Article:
Though I was aware of other Zuffanti projects, at the beginning of 2014 I only had Maschera di Cera albums and the first Finisterre album (Finisterre, 1995). I’d bought LuxAde (2006) for £6 from Beanos second-hand store in February 2009, without listening to it, based on the instrumentation and the fact it was produced by PFM drummer Franz di Cioccio. I hadn’t appreciated that this was a band revisiting the Orpheus saga (c.f. Focus and Eruption) but it remains one of the best buys I’ve ever made; when I got home and checked my Progressive Rock Files, even before listening to it, it was evident that I had acquired something special. I wasn’t disappointed because the recording is as close as you can get to classic 70s Italian prog; analogue instrumentation including some excellent fuzz bass, symphonic scope and operatic vocals, all executed with consummate skill. I was so impressed I began looking for Maschera di Cera albums on every subsequent trip to Italy but for some reason I couldn’t locate any and finally plumped for a download of their second album Il Grande Labirinto (2003) from Amazon in 2010, describing it in an Amazon review as a Fragile to the Close to the Edge of LuxAde (some of the details turned out to be not quite right!):


“...Il Grande Labirinto is their second album, and with no Italian trip scheduled for a while, I had to indulge in the mp3 download. (When I'm next in Italy I'm going to seek out and buy the CD for myself and two prog-minded brothers.) This release is slightly less musically mature than Lux Ade - kind of like the relationship between Fragile and Close to the Edge - almost perfect but not quite.

The musical territory is classic 70s Italian prog. PFM are an obvious comparison, though La Maschera di Cera are less jazz-influenced. Some of the keyboard trills sound like early Genesis, and there's a Wakeman-sounding synth line or two. My favourite passage is the final section of the 22 minute 37 second long Il Viaggio Nell'oceano Capovolto Parte 2 (Voyager to the Inverted Ocean) that builds up from a haunting gentle woodwind melody that reminds me of Islands-era King Crimson.

Did anyone think prog was dead? Think again, and invest in this great album.”


As soon as I’d heard the band were going to do a companion piece to Felona e Sorona (1973) by Le Orme, entitled Le Porte del Domani (2013) released in both Italian and English versions (The Gates of Tomorrow), I had to buy both mixes; the Italian version was my album of the year.

I hadn’t really formed an opinion about the music of Finisterre other than I liked it and it seemed not quite fully formed. Tracks seemed to be truncated mid-flow which left me feeling slightly dissatisfied. I bought In Limine (1996) when I went to the Riviera Prog Festival in 2014 where Zuffanti, in his home city of Genoa, was wandering around chatting to friends and fans on the first day. The title track of that album was one of the pieces played by the Z band in Soignies. I bought In ogni luogo (1998) and La Meccanica Naturale (2005), both in cardboard gatefold sleeves from Galleria del Disco in Florence later in 2014 and have now come to the conclusion that Finisterre was a band for trying out ideas. Back in Soignies I bought both La Quarta Vittima and Höstsonaten’s live version of The Rime of the Ancient Mariner (2013) from Zuffanti’s merchandise stand and then also from the same shop in Florence, Höstsonaten’s Winterthrough (2005.) It’s true that Höstsonaten are symphonic; the music is layered and melodic and Ancient Mariner, performed with dancers, was a modern opera.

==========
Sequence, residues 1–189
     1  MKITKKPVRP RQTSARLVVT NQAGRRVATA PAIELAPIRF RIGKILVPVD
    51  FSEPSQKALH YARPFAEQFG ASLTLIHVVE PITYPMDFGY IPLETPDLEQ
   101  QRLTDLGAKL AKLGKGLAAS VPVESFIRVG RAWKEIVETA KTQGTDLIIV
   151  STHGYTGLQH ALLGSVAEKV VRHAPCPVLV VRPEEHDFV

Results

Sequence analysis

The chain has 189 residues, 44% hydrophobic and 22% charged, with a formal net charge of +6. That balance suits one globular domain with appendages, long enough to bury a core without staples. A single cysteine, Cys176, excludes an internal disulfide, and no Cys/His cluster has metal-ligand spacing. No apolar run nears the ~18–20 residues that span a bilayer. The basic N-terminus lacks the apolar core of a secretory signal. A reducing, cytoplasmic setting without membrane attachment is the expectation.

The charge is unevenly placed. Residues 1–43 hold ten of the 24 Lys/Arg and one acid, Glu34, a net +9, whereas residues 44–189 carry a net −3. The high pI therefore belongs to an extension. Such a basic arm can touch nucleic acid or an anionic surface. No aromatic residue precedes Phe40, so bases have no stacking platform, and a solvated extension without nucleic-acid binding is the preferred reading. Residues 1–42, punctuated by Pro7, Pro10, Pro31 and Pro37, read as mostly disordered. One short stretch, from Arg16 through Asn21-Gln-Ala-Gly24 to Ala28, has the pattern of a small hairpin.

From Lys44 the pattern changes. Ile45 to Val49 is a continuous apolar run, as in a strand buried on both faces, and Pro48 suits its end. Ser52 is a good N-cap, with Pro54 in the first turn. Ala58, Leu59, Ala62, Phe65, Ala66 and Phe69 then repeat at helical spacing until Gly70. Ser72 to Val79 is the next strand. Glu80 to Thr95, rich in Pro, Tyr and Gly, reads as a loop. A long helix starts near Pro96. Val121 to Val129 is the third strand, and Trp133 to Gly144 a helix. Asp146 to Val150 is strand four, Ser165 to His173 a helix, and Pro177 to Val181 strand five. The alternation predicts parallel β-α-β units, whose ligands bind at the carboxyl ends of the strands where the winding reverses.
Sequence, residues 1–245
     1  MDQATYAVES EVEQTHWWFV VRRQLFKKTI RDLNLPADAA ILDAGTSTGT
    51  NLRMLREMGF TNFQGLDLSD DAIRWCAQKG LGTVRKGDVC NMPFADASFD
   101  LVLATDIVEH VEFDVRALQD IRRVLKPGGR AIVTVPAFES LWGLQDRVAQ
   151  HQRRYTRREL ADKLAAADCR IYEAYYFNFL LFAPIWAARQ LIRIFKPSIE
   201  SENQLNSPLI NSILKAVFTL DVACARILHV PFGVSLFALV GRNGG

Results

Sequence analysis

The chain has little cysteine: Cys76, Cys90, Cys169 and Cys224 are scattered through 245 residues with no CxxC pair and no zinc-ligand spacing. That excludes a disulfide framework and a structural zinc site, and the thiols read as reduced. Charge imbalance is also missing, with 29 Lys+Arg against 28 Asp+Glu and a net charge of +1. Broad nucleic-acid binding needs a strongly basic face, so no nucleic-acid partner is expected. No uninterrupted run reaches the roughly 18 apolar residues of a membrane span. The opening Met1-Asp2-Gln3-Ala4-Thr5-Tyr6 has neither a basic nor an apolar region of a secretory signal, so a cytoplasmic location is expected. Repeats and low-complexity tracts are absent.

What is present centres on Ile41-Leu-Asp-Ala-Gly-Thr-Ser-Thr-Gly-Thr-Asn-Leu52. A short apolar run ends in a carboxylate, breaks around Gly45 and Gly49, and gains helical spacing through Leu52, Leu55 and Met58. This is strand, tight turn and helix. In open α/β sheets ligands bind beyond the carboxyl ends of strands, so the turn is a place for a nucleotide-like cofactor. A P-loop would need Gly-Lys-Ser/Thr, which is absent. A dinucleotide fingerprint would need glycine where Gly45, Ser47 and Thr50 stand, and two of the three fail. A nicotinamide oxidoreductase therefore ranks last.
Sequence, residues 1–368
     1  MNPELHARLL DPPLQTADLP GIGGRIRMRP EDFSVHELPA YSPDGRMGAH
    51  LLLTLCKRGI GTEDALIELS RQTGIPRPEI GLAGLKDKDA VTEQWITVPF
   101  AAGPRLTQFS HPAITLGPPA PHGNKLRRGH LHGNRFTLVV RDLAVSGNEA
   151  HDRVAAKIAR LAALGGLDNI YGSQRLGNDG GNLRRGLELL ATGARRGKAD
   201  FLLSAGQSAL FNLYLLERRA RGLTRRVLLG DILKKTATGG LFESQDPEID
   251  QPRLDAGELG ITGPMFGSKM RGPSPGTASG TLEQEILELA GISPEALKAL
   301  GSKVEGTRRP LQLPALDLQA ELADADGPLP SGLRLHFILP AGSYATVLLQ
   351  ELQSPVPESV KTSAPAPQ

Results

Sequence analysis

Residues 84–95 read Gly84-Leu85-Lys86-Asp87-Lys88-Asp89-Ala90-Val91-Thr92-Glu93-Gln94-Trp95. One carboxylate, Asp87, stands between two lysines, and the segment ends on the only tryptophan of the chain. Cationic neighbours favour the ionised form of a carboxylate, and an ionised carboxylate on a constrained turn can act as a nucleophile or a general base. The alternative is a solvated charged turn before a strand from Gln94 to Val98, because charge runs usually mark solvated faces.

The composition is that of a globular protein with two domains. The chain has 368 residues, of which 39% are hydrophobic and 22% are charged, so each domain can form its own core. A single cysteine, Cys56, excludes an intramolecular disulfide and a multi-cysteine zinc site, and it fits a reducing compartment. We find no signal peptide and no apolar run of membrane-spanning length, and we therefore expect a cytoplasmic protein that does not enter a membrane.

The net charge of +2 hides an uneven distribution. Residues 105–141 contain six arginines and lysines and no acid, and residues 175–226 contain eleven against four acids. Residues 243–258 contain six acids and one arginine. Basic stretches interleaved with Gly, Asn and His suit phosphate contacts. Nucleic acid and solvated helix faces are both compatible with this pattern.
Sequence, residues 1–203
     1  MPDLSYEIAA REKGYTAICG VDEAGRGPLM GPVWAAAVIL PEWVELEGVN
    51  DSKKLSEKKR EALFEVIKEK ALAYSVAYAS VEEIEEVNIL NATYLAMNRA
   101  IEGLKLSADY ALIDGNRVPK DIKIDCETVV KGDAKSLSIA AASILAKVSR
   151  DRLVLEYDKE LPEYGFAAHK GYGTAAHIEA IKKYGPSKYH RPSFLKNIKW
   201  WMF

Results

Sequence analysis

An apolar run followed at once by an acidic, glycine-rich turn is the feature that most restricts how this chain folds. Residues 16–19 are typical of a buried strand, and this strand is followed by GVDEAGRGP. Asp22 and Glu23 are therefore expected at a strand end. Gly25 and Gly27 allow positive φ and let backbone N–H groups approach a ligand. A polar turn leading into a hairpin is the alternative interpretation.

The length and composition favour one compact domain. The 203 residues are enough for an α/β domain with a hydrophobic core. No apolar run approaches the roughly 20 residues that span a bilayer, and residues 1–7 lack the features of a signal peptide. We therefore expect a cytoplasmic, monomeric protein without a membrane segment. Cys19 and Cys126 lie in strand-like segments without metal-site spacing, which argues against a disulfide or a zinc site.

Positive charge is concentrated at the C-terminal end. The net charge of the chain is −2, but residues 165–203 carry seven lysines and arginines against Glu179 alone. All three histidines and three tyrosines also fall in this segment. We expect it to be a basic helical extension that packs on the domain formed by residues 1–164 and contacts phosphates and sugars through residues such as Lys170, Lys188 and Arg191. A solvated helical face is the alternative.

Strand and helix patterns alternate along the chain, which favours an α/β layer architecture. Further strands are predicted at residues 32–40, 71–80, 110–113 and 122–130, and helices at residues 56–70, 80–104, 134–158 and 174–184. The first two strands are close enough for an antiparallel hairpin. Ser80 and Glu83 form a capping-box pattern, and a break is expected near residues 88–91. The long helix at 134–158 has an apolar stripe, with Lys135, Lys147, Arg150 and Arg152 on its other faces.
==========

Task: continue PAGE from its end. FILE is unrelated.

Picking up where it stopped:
There was no full concert recording of the Z band so late in 2014 Zuffanti and his collaborators recorded the material they’d been playing during their live set, live in the studio, releasing Il Mondo Che Era Mio at the end of the year. My copy was bought early in 2015 and it is a faithful reproduction of the Z band live experience, a mixture of dynamics, strong melodies and classic-sounding instrumentation.

Last year I spent a family long weekend in Milan and came across the excellent Rossetti Records, and amongst my haul I bought Il giorno sottile (2001), by the rather obscure Zuffanti project Quadraphonic. This represents Zuffanti at his most experimental, producing an interesting and challenging album of industrial music and electronica, heavily reliant on loops, which at times is bleak though it does retain the memory of melody.

Zuffanti seems to be at the centre of the vast Genoa prog scene. When Francesca Francesca Zanetta, guitarist with Unreal City, was interviewed after their performance at the Riviera Prog Festival, she thanked Zuffanti for helping the band (he produced their debut album La Crudeltà Di Aprile, 2013) and another band he seems to have helped, who also appeared at the same festival, were Il Tempio delle Clessidre and most recently he’s collaborated with keyboard player Stefano Agnini from La Coscienza di Zeno, a band who played at both Soignies and at the Riviera Prog Festival in 2014. This project, under the title of La Curva di Lesmo, features a cast of the new wave of Italian prog and the music ranges from out and out symphonic prog to some traditional-sounding Italain music, taking in folk and electronica on the way. I bought a heavyweight white vinyl copy to play on my new Rega RP3 and the cover, by legendary artist Guido Crepax, harks back to Nuda (1972) by Garybaldi, in a similar manner to Maschera di Cera using artwork by Lanfranco for Le Porte del Domani, after Le Orme’s cover for Felona e Sorona, an album also released in English with lyrics by Peter Hammill.



Zuffanti shares with Wilson an appreciation for the origins of the genre (including a love of Mellotron) but they also choose to work with a range of other musicians which informs their style, seeking out different avenues for their talents. Wilson is now a global star; I’m just waiting for Zuffanti to get the full recognition he deserves.